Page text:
As a child I was always doing something. From soccer, swimming, skating and tennis to skiing every winter, getting exercise has always been a big part of my life. I have always considered myself extremely lucky that I was already in shape, fit and strong when I was diagnosed with MS. Although what I could achieve looked a bit different (miles logged on the elliptical or in the pool rather than running the hills of Seattle with my kids and dogs in tow) I continued to make exercise a daily priority.
Until the pain got so severe, so all-consuming that dragging my ass to the gym became an insurmountable task. It hurt so much from the moment I opened my eyes in the morning, hurt so much just performing the most basic of tasks, that all the energy and willpower that I had always applied to my workouts were put towards simply surviving the days.
I have never been out of shape, EVER. Hell, I swam two miles three hours before my water broke with my first child. My FIRST child – so you can imagine what I was doing just before child #2 and #3 decided to arrive. The point is, up until the pain got bad and the pills made me fat I have never had to get BACK in shape. But I am now confronted with just that – getting back into shape, and making exercise a regular part of my daily activities. Being motivated to workout has never been something I have had to think about. It has always just been a part of who I am and what I do.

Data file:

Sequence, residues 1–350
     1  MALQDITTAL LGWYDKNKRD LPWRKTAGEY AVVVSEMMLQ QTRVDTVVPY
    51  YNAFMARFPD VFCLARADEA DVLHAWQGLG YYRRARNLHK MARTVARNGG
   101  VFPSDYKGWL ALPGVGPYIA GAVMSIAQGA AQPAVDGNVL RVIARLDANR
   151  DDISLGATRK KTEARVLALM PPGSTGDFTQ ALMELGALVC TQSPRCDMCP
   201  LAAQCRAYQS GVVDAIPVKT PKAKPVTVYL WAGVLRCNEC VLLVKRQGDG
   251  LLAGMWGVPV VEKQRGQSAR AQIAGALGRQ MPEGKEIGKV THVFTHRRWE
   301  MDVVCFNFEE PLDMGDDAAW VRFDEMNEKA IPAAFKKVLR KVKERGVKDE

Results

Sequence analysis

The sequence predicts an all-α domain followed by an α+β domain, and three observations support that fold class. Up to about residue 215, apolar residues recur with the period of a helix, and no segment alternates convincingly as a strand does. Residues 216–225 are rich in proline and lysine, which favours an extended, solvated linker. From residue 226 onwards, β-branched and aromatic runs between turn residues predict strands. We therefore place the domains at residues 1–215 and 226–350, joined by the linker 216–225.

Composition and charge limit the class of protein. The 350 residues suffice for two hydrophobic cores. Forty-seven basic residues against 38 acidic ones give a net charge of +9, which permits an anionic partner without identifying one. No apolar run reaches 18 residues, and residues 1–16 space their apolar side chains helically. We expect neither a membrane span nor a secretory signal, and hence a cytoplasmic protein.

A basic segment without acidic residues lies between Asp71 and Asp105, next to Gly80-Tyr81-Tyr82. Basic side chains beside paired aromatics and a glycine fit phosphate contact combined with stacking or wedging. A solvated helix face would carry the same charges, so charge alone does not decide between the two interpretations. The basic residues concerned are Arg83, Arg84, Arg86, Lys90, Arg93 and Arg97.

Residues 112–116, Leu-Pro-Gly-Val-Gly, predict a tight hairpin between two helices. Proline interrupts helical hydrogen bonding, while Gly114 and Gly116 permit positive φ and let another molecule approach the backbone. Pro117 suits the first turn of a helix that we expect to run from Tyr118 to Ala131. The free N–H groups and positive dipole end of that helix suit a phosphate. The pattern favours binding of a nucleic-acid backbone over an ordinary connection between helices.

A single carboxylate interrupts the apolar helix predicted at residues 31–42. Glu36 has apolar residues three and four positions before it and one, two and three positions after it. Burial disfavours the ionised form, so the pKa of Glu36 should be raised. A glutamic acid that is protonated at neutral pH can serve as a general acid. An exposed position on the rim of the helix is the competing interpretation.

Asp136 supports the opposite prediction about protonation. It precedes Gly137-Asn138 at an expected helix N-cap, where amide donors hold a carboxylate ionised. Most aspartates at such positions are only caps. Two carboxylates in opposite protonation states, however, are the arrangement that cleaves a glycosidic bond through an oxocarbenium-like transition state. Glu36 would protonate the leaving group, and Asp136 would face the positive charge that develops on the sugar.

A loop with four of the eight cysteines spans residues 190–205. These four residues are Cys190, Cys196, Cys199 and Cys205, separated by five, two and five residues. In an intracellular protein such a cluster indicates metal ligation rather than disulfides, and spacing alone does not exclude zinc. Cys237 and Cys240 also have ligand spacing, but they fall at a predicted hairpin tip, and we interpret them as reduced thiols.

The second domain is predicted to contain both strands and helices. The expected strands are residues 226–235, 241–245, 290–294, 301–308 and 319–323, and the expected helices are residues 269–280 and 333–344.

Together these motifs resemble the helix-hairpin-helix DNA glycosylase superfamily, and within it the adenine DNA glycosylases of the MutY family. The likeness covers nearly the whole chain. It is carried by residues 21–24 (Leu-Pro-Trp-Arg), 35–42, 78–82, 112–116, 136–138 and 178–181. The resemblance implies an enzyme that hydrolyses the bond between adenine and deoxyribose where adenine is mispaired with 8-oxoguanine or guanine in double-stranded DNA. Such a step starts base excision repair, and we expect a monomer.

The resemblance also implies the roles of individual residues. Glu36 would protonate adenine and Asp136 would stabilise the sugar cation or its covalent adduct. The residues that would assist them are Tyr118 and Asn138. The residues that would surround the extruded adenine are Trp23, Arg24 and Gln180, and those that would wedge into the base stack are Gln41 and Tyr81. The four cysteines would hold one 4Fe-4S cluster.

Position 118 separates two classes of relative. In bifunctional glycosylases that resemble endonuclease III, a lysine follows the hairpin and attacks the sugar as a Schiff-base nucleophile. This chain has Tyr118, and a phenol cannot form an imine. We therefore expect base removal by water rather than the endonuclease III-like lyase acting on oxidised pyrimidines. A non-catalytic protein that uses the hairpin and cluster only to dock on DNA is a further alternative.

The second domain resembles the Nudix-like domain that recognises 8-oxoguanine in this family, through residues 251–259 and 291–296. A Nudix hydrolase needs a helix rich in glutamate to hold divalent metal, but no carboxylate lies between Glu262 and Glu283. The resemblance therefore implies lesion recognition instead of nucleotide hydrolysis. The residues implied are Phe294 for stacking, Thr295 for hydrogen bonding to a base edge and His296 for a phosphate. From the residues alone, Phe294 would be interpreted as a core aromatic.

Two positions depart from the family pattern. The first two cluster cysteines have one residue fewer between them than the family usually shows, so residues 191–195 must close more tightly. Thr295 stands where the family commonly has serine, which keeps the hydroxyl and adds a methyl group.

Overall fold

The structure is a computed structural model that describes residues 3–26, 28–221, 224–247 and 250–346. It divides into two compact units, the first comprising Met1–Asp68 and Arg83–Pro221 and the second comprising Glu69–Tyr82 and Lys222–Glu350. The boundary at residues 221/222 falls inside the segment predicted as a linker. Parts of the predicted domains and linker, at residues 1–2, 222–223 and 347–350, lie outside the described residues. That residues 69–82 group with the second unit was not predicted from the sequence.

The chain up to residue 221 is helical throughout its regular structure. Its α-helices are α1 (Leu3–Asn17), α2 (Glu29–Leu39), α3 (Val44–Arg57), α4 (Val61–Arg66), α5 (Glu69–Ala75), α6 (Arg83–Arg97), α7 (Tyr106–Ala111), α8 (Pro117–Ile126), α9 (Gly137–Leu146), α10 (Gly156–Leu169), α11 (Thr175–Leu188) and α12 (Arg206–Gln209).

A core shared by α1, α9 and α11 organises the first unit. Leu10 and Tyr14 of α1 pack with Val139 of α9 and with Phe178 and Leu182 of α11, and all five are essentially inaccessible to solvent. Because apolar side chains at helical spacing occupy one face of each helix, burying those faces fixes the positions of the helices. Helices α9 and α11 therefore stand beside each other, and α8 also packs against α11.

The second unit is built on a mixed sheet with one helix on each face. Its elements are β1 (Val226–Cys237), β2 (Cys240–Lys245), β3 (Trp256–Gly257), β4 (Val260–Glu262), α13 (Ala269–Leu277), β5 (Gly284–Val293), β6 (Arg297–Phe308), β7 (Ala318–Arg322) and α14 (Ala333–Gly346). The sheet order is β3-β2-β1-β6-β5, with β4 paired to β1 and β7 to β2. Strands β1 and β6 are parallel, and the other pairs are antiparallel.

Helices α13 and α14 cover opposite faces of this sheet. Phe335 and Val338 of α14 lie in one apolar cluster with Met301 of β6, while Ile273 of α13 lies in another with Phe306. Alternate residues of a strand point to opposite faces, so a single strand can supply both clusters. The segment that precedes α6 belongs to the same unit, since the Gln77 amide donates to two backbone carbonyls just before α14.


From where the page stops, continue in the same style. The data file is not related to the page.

Over the past 6 months or so, as I have found relief from the pain with medical marijuana and my pain strains. I have begun to be more active. I have started going on walks and hikes with the dogs, I’ve worked out both at home and in the gym, we have gone fishing and I even went mushroom foraging this past weekend. But nothing really seems to be sticking – nothing is bringing back that spark I have always had when exercising. I have been searching for something that will make me WANT to do it again….and keep doing it.
Swimming has ALWAYS been my zen place, the one place and activity that allows my mind to completely chill and not worry about the million and one things that fly around my brain constantly. Quite simply, it shuts the voice off and in its place is just this lovely silence, interrupted only by the muted sounds of the pool, the quiet swish of my flip turns, my own breathing steady and even.
When I was diagnosed with MS and my mobility and balance became questionable, hitting the pool was a natural migration from my constant running. After all, you can’t suffer a severe fall while in the pool. You can’t fall down while swimming. I missed running, being out in the world, seeing things and people while exercising, but swimming has always been my “comfort” exercise and given the stress of being diagnosed, it was a great way for me to keep active, while staying safe. Or so I thought….
I spent hours in the pool at our local “Y”. I often surprised people, when I would hobble in with my cane, moving unsteadily and awkwardly as I approached the edge of the pool, and gingerly climbed down the “handicap” stairs nestled it the corner of the pool. But the minute I was in the water, swim cap and goggles in place, I became someone completely different from the “disabled” body that I am living in. When I am swimming I feel as if I recognize my own body and it’s movements, because that cane-wielding wobbly being that climbed down into the pool isn’t REALLY me. The REAL me is fit and fast and sure-footed and will take on any challenge presented. When I am in the pool, there is no stumbling, no falling, no fear of falling….UNTIL…